Call for papers – SHARP/ Edith Wharton Society
Session type: Joint Session / Affiliate Organizations
Organizations: Society for the History of Authorship, Reading, and Publishing; Edith Wharton Society
Title of the session: Edith Wharton, Book History and Digital Humanities
Submission requirements: Abstract, 300 words
Deadline for submissions: 10 March 2017
Book historians have long been interested in Edith Wharton’s transition from “lady to author.” In the late 1950s, Millicent Bell examined the archive of the publisher Charles Scribner to understand Wharton’s growing professionalism and awareness of the market value of her work. With the transatlantic, and transnational turn in book history, scholars have paid attention to the way Wharton managed her career on both sides of the Atlantic, skillfully negotiating rights from book, film and drama sources. “Like other canny literary operators sensitive to the potential of new media outlets for their literary material,” wrote David Finkelstein, “Wharton extracted maximum exposure and financial benefit from appearances in multiple media forms.” This remediation from print to new media is of course of interest to digital humanists, who have brought innovative perspectives to Wharton studies. Another avenue of inquiry has been opened with the digitalization of early-twentieth-century periodicals and the study of the various forms in which Wharton’s texts appeared.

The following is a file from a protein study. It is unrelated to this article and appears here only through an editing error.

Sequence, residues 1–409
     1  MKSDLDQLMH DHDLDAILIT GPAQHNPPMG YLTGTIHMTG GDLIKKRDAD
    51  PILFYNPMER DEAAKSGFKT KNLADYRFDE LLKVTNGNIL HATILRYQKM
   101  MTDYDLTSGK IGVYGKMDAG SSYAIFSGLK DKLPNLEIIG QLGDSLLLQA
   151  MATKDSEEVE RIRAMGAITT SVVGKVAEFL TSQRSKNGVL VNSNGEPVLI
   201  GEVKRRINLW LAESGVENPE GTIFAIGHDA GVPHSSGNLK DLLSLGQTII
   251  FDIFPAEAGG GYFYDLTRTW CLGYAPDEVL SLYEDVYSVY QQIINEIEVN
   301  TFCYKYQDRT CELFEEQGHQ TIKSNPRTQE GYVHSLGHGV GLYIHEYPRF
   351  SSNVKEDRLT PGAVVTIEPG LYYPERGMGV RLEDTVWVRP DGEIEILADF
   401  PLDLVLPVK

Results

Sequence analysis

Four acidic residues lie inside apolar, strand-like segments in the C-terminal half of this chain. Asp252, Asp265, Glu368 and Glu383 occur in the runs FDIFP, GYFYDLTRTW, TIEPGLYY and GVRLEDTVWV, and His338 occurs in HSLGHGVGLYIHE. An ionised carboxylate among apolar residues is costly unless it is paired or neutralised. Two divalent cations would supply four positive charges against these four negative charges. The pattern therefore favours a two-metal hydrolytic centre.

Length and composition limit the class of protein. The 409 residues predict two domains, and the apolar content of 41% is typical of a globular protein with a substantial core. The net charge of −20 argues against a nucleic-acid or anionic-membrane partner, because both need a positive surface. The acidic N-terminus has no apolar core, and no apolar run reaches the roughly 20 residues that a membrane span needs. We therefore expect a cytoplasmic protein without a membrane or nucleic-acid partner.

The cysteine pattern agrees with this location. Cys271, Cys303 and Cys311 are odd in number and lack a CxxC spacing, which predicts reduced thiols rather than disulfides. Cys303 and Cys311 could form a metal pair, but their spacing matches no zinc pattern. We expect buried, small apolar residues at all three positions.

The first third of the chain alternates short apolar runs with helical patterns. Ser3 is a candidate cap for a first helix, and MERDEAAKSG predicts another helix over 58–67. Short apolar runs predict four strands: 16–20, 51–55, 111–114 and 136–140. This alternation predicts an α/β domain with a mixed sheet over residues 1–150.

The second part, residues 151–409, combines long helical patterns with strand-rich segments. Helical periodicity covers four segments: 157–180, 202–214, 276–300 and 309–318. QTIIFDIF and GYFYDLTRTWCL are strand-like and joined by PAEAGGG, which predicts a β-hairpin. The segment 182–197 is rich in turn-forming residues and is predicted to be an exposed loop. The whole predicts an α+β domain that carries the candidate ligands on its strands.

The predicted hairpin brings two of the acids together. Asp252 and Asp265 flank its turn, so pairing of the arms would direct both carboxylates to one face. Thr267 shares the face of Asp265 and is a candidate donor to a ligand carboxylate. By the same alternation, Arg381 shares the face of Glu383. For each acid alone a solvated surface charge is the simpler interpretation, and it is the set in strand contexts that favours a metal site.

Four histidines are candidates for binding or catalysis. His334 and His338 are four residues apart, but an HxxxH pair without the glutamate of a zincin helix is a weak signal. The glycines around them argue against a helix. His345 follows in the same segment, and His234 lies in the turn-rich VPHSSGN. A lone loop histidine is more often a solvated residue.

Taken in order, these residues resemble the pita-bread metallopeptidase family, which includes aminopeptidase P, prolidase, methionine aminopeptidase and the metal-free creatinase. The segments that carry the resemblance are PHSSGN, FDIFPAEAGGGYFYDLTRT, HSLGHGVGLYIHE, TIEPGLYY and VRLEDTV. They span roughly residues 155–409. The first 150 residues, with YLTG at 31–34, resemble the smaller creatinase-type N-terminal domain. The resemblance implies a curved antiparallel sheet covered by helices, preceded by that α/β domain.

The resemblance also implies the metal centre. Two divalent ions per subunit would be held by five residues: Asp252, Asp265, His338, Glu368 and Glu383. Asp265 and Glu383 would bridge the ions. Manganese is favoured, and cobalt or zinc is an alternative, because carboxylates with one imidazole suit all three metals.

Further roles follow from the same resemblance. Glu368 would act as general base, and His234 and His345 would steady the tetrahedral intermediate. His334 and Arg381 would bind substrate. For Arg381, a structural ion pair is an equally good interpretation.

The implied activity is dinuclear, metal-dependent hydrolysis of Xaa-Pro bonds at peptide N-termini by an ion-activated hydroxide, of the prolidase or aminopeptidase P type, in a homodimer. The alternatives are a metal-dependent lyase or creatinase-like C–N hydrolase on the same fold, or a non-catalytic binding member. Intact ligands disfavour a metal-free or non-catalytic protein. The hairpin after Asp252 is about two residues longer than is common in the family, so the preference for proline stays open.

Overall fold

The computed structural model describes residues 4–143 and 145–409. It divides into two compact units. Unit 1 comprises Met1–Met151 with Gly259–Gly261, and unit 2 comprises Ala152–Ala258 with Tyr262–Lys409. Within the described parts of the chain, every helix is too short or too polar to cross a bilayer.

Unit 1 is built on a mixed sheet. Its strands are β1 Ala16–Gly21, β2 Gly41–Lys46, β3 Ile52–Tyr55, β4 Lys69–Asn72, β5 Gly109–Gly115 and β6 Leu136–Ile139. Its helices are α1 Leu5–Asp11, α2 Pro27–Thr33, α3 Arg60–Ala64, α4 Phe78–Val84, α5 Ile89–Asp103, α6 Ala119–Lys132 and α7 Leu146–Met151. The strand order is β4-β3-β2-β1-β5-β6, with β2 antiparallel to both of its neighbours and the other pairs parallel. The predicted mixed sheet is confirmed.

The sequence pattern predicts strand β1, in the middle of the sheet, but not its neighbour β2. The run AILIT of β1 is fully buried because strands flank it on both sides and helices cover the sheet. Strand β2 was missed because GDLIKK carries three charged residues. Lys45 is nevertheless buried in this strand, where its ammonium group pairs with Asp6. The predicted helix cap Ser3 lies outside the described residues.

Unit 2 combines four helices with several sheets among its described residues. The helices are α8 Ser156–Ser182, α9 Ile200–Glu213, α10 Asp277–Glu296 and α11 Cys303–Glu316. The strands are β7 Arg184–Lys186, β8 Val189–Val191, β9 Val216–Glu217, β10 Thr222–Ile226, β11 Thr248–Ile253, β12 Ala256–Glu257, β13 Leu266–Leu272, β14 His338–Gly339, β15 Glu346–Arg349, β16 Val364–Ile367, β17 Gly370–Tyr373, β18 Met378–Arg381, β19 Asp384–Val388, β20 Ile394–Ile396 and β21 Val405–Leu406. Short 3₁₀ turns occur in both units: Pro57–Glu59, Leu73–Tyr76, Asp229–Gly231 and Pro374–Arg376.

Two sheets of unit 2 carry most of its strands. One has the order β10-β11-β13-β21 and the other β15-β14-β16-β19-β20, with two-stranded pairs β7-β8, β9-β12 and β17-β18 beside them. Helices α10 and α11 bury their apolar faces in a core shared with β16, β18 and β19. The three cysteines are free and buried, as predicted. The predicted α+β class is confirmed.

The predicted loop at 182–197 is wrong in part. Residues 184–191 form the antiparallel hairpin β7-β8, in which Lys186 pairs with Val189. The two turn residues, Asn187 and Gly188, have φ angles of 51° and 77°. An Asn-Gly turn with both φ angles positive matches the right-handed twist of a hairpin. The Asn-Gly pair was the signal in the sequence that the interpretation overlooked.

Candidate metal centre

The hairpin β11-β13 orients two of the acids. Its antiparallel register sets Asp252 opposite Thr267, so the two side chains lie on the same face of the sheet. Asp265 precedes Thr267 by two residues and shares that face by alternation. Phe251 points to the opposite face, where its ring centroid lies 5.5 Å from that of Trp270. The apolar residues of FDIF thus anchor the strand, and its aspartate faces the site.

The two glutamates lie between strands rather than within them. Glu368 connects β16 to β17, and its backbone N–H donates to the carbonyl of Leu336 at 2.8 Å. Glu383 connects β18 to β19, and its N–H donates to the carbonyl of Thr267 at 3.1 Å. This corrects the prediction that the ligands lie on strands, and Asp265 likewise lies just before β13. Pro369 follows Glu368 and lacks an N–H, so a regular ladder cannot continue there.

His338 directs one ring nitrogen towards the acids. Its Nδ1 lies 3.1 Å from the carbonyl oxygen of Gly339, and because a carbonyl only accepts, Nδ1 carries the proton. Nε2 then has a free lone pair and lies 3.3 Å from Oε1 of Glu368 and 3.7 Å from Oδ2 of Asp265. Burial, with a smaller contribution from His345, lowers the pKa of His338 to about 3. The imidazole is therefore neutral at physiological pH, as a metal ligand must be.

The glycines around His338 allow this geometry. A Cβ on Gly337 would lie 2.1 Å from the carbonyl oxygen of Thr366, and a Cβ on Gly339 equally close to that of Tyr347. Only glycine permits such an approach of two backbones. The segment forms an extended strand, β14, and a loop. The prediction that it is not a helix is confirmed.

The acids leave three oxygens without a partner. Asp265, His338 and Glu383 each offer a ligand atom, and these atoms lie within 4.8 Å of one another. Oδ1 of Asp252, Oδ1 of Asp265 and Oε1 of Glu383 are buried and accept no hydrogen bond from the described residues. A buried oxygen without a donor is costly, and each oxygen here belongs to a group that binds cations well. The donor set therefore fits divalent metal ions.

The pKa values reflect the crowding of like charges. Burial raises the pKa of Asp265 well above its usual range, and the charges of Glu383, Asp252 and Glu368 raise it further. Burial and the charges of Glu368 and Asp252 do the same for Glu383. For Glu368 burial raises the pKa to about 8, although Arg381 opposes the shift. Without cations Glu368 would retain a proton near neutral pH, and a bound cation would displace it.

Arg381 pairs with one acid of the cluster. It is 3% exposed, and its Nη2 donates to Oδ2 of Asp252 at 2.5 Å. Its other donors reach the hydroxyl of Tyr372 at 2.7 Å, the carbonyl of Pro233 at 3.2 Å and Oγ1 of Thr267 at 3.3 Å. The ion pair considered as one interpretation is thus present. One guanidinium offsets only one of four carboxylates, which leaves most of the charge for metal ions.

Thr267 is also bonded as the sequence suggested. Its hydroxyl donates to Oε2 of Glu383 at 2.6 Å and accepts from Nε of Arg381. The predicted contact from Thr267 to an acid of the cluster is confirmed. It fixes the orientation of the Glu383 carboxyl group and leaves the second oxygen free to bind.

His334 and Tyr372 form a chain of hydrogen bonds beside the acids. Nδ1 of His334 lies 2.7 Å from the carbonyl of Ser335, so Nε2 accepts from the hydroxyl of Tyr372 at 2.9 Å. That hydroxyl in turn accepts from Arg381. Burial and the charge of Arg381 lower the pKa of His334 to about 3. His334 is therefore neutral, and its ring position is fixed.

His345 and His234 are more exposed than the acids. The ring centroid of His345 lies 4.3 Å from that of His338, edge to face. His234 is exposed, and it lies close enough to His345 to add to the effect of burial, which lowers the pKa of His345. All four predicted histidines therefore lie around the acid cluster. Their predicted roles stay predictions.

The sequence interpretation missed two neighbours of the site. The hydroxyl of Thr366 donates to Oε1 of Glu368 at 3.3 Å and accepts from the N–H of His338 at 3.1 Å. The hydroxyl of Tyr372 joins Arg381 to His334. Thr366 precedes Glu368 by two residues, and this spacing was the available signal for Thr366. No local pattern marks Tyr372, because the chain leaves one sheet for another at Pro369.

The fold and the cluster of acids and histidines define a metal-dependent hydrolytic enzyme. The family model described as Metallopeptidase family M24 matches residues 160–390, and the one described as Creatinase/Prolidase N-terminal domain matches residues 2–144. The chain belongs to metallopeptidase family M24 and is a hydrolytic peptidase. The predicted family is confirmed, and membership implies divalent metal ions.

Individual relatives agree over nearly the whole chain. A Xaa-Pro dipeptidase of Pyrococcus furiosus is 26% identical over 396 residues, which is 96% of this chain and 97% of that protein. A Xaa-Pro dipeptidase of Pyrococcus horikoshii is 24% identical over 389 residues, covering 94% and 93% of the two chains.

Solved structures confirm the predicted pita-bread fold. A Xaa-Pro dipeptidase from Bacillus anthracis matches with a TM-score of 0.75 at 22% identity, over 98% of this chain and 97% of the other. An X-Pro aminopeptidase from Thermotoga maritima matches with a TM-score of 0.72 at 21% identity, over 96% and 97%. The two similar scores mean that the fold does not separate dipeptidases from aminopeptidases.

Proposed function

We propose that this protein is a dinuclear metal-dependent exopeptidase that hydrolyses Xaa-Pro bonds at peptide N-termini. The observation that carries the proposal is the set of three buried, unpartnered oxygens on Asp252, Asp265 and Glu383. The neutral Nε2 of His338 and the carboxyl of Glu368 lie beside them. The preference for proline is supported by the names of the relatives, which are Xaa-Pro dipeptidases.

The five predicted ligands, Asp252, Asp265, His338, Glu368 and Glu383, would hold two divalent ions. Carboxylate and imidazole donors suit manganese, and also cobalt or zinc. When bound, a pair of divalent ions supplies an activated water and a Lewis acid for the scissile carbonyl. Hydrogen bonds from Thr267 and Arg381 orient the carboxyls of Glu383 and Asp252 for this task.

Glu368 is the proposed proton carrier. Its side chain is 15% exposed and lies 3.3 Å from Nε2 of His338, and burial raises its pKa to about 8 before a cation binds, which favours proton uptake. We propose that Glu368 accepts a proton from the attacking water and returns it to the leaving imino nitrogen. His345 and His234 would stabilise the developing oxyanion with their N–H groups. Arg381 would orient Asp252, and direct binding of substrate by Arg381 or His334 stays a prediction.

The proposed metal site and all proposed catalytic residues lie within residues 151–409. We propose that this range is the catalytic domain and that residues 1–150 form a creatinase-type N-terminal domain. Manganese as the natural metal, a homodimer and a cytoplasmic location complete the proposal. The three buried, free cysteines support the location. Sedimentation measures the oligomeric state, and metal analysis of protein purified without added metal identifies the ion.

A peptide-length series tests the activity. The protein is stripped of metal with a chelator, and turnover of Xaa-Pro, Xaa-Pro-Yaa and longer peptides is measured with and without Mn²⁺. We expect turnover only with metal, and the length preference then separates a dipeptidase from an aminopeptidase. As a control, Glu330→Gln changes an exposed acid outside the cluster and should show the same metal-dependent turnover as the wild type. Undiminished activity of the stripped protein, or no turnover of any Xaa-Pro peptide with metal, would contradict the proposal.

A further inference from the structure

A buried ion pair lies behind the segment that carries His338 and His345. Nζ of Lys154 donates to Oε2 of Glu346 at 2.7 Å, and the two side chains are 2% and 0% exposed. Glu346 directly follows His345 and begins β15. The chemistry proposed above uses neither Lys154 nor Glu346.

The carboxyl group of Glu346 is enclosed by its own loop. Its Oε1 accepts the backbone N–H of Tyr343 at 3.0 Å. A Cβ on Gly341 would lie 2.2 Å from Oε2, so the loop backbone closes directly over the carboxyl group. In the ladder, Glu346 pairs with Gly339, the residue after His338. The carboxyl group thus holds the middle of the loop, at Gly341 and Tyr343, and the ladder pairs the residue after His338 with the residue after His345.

This session will showcase new approaches in book history and digital humanities to shed light on Edith Wharton’s work and relationship with her publishers and readers. It will bring together “traditional” and digital humanists to illuminate Wharton’s global career and reception of her work across borders. It will also identify future lines of inquiries and innovative methodologies that will help us better understand one of the most important writers of the early twentieth century.
Paul Ohler Ph.D.
Department of English
Kwantlen Polytechnic University
Surrey, British Columbia
President, Edith Wharton Society
Associate Editor, Edith Wharton Review